– Andy Oram, Greg Wilson (2007) Beautiful Code
    Good programmers discussing good programs.

    As the original list of 100 books left me cold, I recommend, for both science and fiction, the novels of Greg Egan and Kim Stanley Robinson.


  25. Anonymous

    I’m not a physicist, but the sciences are some of my hobbies. I have no college education.

    That said, I really liked “Facts and Mysteries in Elementary Particle Physics”, by Martinus Veltman. It was written for readers with various levels of education, and it was the first place I had seen the “single photon/double slit” experiment explained. It had always escaped me how you could send one photon at a time, but he explained that the power output was so low that the probability was that only one photon came out at a time.

    — Tom

  26. Anonymous

    Great List! I just planned my next 7 books. Here are my suggestions:

    A Brief History of Time (1998) – Stephen Hawking
    I felt myself get smarter reading this one.

    A Short History of Nearly Everything (2004) – Bill Bryson
    Fun book that truly gives you perspective about life in the universe.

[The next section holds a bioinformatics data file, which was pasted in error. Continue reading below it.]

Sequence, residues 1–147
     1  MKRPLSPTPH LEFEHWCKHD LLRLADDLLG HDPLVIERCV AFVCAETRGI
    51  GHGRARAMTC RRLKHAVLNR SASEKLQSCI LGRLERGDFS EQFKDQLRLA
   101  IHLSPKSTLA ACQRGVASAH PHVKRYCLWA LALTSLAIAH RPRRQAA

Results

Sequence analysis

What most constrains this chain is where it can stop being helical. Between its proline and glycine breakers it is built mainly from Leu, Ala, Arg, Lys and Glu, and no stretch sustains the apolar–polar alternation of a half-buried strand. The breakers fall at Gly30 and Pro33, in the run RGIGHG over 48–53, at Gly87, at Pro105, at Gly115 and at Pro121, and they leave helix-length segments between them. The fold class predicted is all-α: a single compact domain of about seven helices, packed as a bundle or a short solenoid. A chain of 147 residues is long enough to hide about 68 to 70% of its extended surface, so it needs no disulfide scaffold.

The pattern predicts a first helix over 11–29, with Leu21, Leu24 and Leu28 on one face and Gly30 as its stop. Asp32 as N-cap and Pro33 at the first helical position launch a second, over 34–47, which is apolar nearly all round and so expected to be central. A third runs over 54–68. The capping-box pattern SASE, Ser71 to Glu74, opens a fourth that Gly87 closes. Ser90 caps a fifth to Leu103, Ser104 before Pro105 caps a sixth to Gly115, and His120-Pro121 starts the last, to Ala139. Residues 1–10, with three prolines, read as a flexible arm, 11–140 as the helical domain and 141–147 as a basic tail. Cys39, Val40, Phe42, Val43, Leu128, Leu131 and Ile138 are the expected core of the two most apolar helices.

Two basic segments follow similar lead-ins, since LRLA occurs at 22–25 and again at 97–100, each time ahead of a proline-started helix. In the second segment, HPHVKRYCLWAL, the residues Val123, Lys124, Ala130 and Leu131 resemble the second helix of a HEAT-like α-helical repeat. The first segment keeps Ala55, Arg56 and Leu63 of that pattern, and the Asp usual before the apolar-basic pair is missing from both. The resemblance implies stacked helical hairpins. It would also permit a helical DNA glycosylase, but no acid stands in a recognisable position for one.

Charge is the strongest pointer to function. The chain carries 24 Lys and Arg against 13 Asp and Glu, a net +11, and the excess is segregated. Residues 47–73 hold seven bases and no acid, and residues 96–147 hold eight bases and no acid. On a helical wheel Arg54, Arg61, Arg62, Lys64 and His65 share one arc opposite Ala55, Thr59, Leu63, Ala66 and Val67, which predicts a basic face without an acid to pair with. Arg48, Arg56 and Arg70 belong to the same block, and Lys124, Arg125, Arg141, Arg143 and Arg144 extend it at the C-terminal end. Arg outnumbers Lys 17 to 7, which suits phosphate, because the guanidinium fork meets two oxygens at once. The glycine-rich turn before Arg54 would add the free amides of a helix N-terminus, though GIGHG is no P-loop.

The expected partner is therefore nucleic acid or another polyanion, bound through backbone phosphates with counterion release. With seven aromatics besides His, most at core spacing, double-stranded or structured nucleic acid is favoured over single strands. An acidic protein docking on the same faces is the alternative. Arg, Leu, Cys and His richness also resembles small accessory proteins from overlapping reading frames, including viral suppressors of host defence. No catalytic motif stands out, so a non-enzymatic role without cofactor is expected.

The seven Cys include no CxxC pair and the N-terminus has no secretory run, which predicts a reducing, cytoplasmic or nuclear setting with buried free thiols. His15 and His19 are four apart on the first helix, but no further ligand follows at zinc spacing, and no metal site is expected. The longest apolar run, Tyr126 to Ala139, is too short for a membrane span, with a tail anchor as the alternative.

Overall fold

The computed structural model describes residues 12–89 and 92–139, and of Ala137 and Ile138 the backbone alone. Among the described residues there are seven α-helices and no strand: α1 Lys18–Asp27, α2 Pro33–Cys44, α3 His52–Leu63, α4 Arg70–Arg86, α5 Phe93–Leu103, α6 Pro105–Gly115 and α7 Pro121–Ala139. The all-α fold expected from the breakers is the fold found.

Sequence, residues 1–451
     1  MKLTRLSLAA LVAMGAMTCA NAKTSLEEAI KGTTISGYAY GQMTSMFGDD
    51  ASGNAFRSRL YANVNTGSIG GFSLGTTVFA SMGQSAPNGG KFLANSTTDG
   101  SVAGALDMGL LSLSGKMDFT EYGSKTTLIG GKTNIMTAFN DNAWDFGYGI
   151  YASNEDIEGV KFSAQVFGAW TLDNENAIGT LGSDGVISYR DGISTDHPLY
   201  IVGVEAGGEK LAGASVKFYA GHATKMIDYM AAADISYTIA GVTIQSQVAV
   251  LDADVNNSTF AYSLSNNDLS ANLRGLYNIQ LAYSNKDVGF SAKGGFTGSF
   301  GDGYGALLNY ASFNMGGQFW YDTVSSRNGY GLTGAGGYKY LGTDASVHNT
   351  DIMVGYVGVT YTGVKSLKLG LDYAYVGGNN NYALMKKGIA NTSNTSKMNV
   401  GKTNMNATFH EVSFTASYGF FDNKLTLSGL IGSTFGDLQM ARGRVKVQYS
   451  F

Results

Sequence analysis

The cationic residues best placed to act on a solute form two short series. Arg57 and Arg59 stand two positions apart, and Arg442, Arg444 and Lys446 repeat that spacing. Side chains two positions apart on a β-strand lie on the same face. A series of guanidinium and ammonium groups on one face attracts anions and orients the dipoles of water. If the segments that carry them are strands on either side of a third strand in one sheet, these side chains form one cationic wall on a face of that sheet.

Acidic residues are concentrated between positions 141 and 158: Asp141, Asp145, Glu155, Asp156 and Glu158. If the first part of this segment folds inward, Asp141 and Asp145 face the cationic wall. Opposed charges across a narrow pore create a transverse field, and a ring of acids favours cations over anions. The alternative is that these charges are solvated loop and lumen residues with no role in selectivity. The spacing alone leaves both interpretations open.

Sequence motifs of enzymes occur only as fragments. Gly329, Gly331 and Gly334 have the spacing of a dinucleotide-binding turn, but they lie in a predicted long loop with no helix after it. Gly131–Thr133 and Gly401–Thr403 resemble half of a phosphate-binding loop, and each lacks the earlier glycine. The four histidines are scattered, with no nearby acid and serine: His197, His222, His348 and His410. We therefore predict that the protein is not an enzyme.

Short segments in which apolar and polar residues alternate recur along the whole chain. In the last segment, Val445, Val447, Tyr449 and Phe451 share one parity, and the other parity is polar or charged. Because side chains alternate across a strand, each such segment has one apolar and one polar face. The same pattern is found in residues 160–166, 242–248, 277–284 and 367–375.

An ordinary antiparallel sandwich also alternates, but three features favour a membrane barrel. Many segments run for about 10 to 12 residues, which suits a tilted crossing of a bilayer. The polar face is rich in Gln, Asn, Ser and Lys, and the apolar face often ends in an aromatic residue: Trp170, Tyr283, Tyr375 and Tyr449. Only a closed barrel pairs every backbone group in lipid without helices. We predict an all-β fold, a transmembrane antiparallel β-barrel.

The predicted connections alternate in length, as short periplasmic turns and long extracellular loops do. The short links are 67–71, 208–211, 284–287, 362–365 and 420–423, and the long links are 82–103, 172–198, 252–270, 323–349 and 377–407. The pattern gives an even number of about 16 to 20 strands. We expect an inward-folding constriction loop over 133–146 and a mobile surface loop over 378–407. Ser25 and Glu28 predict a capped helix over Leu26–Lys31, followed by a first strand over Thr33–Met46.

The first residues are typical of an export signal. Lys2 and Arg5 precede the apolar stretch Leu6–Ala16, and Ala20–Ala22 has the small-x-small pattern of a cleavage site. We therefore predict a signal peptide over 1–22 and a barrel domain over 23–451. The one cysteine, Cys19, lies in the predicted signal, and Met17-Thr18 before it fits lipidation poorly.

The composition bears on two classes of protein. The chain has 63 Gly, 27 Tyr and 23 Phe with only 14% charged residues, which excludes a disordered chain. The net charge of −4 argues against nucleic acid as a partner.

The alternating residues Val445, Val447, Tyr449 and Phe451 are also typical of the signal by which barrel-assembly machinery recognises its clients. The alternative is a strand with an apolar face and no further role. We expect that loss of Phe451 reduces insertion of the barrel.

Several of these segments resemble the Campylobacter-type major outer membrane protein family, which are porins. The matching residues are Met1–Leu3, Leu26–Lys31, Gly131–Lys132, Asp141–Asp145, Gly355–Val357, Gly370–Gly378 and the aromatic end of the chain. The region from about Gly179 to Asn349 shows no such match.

Relativity Simply Explained (1997) – Martin Gardner

    Physics of the Impossible (2008) – Michio Kaku

    The Infinite Book: A Short Guide to the Boundless, Timeless and Endless (2006) – John D. Barrow

  27. Chan Lee Meng

    Don’t think I have any pure Physics books, but here are a couple by Simon Singh which revolve mainly around Math:

    1. Fermat’s Last Theorem (AKA Fermat’s Enigma: The Epic Quest to Solve the World’s Greatest Mathematical Problem) 1997/98

    2. The Code Book: The Science of Secrecy from Ancient Egypt to Quantum Cryptography, 2000

  28. opsec

    As an absolute layman who’s never taken a physics class…

    Chaos – Gleick
    Complexity – Waldrop
    The Emperor’s New Mind – Penrose
    The God Particle – Lederman

  29. Blake Stacey

    Warning: extreme grumpiness ahead!